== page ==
In over a year, Ševčenko produced his translation, and worked during the upheaval and violence of Soviet repatriation -- a dark episode of British and American history. To illustrate, think of the sinking sequence in James Cameron's Titanic: the passengers are the Soviet refugees, and the Titanic rising perpendicular to the ocean is the pact Roosevelt and Churchill made with Stalin at Yalta to return Soviet refugees by any means necessary. It would be an exchange for Western POWs. In the DP camps, American and British soldiers encountered mass suicides and fierce resistance, but managed to repatriate over 2 million Soviet citizens, most of whom were immediately executed or sent to labor camps upon arrival. Luckily, Ševčenko was born in an independent Poland, a nationality that did not fall under repatriation, and just as luckily, printing presses had sprouted up in the DP camps across the American Zone, where he worked.

One in Munich by the name of Prometej -- Prometheus in Ukrainian -- published his translation of Animal Farm; shipments of the book were quietly delivered to the other camps.

But only 2,000 copies were distributed; a truck from Munich was stopped and searched by American soldiers, and a shipment of an estimated 1,500 to 5,000 copies was seized. The books were quickly handed over to the Soviet repatriation authorities and destroyed.

Ševčenko was never questioned or held accountable; he had published under the pseudonym Ivan Cherniatyns'kyi -- a combination of his father's first name and his mother's maiden name. In the years that followed, he pursued his second doctorate in Belgium, studying Byzantine history under eminent scholar Henri Grégoire, which set him on the path to becoming a world renowned scholar of Byzantine and Slavic history.
Orwell was pleased with the quality of Ševčenko's work. As he wrote to Koestler, the Ukrainian translation had been "reasonably well-printed and got up, and, so far as I could judge by my correspondence with Ševčenko, well translated." He was deeply disappointed that the books were seized and wanted to avoid another incident like that when working, in 1949, with the anti-Soviet literary and political weekly Possev to smuggle translations of Animal Farm in Russian into the Soviet Zone.

As for the copies of the Ukrainian edition did survive in the DP camps, they circulated among a population charged with a revived revolutionary spirit. Ševčenko described the Ukrainian DPs to Orwell in a letter, "Their situation and past, causes them to sympathise with Trotskyites, although there are several differences between them." The major difference being a staunchly anti-communist stance.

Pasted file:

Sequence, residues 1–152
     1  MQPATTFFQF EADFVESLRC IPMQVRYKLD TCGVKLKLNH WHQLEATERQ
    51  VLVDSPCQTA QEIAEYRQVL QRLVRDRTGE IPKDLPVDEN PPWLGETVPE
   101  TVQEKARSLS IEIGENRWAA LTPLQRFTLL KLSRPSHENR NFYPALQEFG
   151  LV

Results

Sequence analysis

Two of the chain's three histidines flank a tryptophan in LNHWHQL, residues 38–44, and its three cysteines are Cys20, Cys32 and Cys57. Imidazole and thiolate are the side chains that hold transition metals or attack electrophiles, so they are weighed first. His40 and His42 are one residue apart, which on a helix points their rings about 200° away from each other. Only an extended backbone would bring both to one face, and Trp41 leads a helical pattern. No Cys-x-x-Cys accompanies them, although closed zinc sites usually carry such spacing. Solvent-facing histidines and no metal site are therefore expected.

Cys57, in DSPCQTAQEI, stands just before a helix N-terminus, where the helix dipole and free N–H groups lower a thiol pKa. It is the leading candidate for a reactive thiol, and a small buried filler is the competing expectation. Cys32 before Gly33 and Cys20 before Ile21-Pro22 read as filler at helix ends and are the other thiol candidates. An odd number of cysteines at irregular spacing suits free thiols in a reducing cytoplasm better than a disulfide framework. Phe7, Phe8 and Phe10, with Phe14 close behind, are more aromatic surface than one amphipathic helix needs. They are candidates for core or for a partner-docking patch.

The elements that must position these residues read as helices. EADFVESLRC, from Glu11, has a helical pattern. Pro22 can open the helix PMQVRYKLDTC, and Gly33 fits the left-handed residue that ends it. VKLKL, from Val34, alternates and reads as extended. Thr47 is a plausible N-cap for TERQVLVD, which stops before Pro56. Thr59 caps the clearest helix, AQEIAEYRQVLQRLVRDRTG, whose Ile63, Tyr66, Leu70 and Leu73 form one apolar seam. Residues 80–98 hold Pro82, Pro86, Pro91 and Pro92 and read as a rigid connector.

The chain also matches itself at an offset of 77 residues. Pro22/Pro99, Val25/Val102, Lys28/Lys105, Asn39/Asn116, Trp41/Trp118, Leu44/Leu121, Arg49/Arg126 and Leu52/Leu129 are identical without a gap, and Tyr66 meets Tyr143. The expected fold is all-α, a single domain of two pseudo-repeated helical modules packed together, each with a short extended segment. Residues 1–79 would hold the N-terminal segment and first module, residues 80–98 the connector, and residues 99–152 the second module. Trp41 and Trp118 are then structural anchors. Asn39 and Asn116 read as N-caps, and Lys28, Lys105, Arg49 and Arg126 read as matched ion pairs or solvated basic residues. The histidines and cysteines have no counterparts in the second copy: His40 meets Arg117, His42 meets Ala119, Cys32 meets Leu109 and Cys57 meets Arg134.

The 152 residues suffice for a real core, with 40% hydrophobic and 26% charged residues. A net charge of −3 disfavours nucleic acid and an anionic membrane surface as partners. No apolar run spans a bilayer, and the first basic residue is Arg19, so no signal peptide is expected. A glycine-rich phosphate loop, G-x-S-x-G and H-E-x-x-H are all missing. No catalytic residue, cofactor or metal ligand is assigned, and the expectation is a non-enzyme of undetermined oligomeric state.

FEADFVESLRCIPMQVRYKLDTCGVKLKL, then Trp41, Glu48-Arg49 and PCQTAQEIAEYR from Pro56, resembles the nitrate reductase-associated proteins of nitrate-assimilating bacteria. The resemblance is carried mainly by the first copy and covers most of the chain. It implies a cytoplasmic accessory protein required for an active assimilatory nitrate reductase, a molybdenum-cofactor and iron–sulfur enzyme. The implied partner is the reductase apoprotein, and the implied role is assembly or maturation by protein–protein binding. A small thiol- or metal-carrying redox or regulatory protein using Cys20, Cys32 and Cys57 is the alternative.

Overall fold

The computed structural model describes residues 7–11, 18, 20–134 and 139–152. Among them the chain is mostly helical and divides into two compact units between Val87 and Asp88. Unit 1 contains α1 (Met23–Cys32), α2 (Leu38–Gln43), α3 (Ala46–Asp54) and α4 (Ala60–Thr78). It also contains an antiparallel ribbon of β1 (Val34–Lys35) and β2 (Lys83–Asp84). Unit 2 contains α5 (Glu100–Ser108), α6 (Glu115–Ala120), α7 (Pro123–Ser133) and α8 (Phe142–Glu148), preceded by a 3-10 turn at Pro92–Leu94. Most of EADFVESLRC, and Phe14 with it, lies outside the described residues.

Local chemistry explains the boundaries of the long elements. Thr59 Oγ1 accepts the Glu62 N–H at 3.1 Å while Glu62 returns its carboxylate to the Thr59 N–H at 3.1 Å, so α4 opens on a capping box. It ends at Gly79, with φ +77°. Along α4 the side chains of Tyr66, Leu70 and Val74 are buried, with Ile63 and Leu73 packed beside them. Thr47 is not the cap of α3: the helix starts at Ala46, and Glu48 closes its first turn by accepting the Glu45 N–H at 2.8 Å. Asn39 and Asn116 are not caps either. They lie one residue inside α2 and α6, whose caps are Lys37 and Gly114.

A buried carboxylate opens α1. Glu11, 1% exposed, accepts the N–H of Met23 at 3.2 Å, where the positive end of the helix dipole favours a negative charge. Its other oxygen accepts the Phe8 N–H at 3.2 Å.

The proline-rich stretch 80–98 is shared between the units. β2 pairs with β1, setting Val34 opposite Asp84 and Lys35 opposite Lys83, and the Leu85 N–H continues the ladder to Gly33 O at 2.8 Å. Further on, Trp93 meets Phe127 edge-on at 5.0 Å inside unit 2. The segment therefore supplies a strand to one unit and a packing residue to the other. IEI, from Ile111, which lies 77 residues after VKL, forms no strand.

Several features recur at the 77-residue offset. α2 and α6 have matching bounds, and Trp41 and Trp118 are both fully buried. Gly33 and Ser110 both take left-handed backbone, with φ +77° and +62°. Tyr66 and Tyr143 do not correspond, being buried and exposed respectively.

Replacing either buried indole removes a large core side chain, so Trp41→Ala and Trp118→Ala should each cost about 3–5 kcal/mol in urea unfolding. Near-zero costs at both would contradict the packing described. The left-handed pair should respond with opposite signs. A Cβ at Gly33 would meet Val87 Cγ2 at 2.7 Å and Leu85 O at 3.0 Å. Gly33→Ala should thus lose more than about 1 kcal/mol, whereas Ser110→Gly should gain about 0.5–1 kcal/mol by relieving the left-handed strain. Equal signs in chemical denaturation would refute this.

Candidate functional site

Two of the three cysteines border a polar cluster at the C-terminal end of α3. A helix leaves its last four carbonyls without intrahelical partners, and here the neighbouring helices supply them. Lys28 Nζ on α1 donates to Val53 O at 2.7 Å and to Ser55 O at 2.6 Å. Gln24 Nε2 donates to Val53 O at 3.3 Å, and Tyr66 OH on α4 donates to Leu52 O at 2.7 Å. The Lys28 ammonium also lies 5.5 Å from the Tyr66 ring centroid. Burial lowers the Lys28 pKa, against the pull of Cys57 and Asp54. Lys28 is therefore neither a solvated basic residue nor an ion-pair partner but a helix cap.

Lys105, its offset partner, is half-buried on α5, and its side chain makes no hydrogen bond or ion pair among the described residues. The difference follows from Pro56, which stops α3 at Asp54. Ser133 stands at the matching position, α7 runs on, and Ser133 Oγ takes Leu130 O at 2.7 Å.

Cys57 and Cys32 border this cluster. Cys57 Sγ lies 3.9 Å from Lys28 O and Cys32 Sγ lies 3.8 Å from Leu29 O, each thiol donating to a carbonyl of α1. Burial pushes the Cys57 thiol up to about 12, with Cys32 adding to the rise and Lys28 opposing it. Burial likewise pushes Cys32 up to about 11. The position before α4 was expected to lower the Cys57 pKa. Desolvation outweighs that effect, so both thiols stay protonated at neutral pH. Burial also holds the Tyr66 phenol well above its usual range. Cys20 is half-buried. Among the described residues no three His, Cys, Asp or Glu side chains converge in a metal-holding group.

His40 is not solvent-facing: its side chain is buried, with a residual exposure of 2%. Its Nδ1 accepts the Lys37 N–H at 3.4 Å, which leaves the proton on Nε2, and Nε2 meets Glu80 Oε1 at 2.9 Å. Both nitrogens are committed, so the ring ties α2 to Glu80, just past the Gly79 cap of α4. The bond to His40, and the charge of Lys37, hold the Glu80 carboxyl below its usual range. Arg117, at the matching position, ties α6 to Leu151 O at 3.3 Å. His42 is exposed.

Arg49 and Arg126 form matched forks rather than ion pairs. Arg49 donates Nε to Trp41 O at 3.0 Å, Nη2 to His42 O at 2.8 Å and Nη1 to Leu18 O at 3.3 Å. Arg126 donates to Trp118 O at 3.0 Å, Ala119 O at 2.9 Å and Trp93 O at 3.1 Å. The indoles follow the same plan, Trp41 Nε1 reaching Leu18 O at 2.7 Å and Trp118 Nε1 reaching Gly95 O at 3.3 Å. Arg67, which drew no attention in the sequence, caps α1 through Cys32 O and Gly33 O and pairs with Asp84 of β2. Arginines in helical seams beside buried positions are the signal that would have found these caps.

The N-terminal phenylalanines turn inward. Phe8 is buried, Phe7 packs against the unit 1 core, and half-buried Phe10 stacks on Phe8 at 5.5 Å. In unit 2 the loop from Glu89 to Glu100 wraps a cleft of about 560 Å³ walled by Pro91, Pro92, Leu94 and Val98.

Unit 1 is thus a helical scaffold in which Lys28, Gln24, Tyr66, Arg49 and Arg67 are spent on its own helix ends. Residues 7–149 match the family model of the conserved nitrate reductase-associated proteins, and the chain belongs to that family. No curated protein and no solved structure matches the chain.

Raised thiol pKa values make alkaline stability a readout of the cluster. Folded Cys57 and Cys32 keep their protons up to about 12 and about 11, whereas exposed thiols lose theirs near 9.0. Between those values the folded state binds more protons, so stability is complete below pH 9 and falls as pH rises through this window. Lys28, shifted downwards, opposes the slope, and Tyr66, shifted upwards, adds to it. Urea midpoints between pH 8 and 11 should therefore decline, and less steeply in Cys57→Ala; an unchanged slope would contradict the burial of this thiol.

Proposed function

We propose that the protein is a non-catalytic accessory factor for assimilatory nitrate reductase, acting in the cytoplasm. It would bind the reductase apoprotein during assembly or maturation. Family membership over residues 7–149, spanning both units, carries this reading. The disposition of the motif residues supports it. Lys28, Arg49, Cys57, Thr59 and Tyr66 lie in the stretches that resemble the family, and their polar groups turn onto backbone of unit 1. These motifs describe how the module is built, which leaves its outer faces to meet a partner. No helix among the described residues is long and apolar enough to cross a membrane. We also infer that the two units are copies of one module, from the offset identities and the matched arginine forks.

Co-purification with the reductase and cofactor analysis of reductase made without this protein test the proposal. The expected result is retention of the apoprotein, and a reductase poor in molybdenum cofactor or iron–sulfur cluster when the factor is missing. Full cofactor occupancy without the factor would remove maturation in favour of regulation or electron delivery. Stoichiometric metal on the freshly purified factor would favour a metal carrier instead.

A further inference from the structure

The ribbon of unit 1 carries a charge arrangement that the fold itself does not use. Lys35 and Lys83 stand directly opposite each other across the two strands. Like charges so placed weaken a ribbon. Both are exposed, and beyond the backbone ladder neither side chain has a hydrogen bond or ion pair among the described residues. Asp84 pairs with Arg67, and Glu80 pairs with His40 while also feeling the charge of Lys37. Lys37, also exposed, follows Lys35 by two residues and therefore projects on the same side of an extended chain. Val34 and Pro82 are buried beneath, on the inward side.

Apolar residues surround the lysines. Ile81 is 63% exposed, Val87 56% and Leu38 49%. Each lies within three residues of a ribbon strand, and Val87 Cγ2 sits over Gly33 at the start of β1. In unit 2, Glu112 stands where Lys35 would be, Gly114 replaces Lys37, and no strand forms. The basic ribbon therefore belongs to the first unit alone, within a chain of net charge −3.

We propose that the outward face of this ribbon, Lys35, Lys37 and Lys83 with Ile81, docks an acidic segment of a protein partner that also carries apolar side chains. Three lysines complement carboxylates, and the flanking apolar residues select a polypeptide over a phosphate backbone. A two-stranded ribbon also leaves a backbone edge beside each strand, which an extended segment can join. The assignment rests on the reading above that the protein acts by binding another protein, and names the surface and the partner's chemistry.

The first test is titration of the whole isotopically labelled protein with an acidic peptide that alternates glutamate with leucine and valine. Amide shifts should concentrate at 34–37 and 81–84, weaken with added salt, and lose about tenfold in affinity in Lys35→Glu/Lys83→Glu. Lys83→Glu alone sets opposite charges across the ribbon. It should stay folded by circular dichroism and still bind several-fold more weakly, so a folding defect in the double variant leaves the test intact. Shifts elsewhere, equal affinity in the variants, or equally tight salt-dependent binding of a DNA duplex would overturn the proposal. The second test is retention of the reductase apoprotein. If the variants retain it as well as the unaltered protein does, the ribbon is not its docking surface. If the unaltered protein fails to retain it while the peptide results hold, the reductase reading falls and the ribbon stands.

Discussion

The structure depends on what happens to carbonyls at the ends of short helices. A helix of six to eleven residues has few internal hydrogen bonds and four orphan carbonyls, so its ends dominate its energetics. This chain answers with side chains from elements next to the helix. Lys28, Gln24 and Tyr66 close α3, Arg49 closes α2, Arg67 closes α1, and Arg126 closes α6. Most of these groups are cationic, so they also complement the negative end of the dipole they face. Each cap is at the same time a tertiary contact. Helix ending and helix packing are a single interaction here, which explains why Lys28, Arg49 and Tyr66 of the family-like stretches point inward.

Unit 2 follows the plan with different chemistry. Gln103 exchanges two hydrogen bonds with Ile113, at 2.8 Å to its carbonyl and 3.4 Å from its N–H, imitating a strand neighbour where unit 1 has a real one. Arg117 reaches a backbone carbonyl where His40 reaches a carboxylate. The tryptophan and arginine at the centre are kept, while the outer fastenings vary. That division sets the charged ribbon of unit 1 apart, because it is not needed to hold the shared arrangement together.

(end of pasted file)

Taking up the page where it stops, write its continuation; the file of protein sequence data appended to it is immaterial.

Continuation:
While working on a screenplay about Stalin's terror famine in Ukraine that, from 1932-1933, starved to death an estimated 10 million people -- my grandfather nearly one of them -- I read Orwell's Animal Farm for much-needed inspiration. My script was beyond depressing for showing the mass murder Stalin got away with thanks to the help of some of the most brilliant media minds of that era. Upon learning about the Ukrainian translation of Animal Farm, I decided to make it the happy ending to my depressing screenplay about Stalin's famine in Ukraine.

After finishing my screenplay with its new ending, I had dinner at the home of my uncle Vitalji Keis, a retired literary professor for Rutgers, and told him about my project. He had escaped the Soviet Union with his family through the Eastern Front and spent years in the DP camp Heidenau. His first six months in Germany, he lived in a hospital in Hamburg, because he didn't know how to live in the peace and quiet of peacetime. Nine years old, he had developed a constant nervous tick and had to be rehabilitated.

His response to my screenplay pitch was nonchalant, "I have that book. I first read Orwell in the DP camp. We still have it somewhere." My aunt, Tanya Keis, a retired librarian for Barnard College, had also escaped Soviet Ukraine. She jumped up from the table, went into their library, and came back with a copy of Orwell's bootlegged Animal Farm. "Here, this is for you," she said, handing me this thin yellowed delicate pamphlet with a stapled binding. The title read in Ukrainian Kolhosp Tvaryn -- the collective farm -- an obvious reference to Stalin's forced collectivization enforced by the terror famine. The cover was an earthy red, green, and brown illustration of an exhausted, run-down Boxer the horse pulling a cart in the background, and in the foreground rested a menacing pig, whip in hand. The Orwellian image of one class exploiting the other.

The scene Hitchens had painted about Orwell and the refugees seemed like the literary equivalent of the tale of Prometheus. Orwell, this Englishman -- a god-like symbol of Western comfort -- handed the suffering the light of truth, illuminating their humanity. But as I discovered from research and interviewing members of my family, despite the constant fear of repatriation, a renaissance flourished in the Ukrainian DP camps.